Star Wars: Rebirth
How to Play Tabletop RPGs
Before I go on with this article, I want to say that I don’t want this article to be an absolute step-by-step guide to playing a Tabletop RPG (RPG stands for Roleplaying Game), as all Tabletop RPGs are different. Rather, I want this article to give you an overview of the general ideas that exists in almost all Tabletop RPGs, as well as some of the etiquette that goes into it as well. To those of you who have been playing Tabletop RPGs for a while, this article will be an old hat. But no matter how old this hat might be, it might still be worth re-reading and refreshing yourself. But to those of you who are newer to Tabletop RPGs, I hope this guide gives you a good idea as to where to start when it comes to playing Tabletop RPGs, and perhaps answer a few questions you might have.
To begin, I want to talk about the Tabletop RPG in the scope of Star Wars: Saga Edition. So, what does a game of Star Wars: Saga Edition look like? The game is typically played around a table, and in this game, there is a Gamemaster (GM), and the other people playing are typically players. On this table, you might have a journal, a pen or pencil, dice numbered from 1d4, 1d6, 1d8, 1d10, 1d12, and 1d20, and maybe even a snack bowl and some beer or soda. More importantly though, a game of Star Wars: Saga Edition is played in your imagination.
Think of a game of Star Wars: Saga Edition as being an interactive story, where the GM tells the story, while the Players direct the story by acting out within the story as their characters, then the GM must go and continue the story with respect to the player’s actions, and together, the GM and the Players tell a story.
The dice are another important tool in Star Wars: Saga Edition. Why they are so important is because what dice are, are a neutral number generator. You roll the dice, and the dice generate a number that is independent of the situation going on that required them. Of course, a computer program that generates numbers works as well, or even drawing a number of a hat can work too.
With the value generated from the dice, the players and the GM work that value into the statistics of a character or the situation at hand, and then the result will signify its meaning in the given situation.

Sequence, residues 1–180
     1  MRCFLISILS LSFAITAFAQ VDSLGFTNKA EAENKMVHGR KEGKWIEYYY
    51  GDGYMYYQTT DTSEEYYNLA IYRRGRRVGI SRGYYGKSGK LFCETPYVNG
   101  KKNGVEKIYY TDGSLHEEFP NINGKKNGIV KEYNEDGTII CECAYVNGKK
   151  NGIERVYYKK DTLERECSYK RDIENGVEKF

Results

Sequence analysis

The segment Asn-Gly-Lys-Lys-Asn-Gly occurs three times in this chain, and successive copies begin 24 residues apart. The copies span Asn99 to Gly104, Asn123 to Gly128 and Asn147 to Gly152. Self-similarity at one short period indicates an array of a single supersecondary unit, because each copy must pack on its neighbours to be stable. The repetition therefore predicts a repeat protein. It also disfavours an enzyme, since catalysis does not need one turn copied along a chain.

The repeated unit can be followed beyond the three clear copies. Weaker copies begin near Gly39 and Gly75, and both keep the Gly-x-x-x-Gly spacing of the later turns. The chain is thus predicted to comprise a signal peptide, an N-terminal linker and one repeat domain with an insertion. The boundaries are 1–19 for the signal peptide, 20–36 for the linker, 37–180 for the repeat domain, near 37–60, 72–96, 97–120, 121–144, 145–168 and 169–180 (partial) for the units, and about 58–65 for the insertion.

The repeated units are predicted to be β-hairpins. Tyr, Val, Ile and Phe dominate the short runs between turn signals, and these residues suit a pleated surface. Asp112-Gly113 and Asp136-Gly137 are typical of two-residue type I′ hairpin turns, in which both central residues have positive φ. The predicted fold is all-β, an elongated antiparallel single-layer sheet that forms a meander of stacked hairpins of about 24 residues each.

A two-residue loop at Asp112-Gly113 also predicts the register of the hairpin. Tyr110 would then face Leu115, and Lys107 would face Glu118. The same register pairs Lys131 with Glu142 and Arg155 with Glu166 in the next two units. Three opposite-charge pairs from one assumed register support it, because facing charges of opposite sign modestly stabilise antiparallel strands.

The notes that the players have are important, so that they can record important things that occurred in the game, such as important names, or even the answer to a puzzle in the future.
That about covers the basics of Star Wars: Saga Edition. This next section will cover what the player does more in depth.
For the players to “play”, the Player makes a character that fits the setting the GM described and that is approved of by the GM. With that character, the Players interact with the game world through their character, that is, playing the role of the character. When a player plays the role of a character, they become that character in the same way an actor becomes a character in a Play or a Movie. The characters that the Players made (Known as PC’s or Player Characters) become the main characters of the story- the driving force of the story.
As a Player Character though, you can do most anything, so long as if it is within the bounds the GM provided. This does not mean the players can’t do anything outlandish, but this does mean that the Players have to work with the GM, and deal with whatever situation the GM presents to them in a way that adds to the story, and gives the GM a whole multitude of ways in which the GM can continue telling the story on top of giving them more situations.
The Gamemaster (GM)
The GM is that other person at the table who doesn’t have a specific character, but hes still one of the most important people in the game. The GM plays as everything in the game except for the PCs (Player Characters), be they helpful supporting characters, the Big Bad Evil Guy, the Minions of the Big Bad Evil Guy, the everyday citizens, or even the scenery and the narrator.
All the GM does is present the PCs with situations, and then they let the PCs deal with said situations in whatever way makes sense from the player character’s perspective.
The GM is not competing with the players at all, but are working with the players in order to make the player character’s actions stand out and make a difference, knowing that the players would do what they can to make the story the GM is telling into an awesome one, and an enjoyable one for both the GM and the Players.
The Goal of the Game
The ultimate goal for this game is for it to be fun for everyone involved. If the game isn’t fun for at least one person, then its a problem that needs to be resolved.
So if everyone, be they GM or Player are having fun with the game, then the game is good.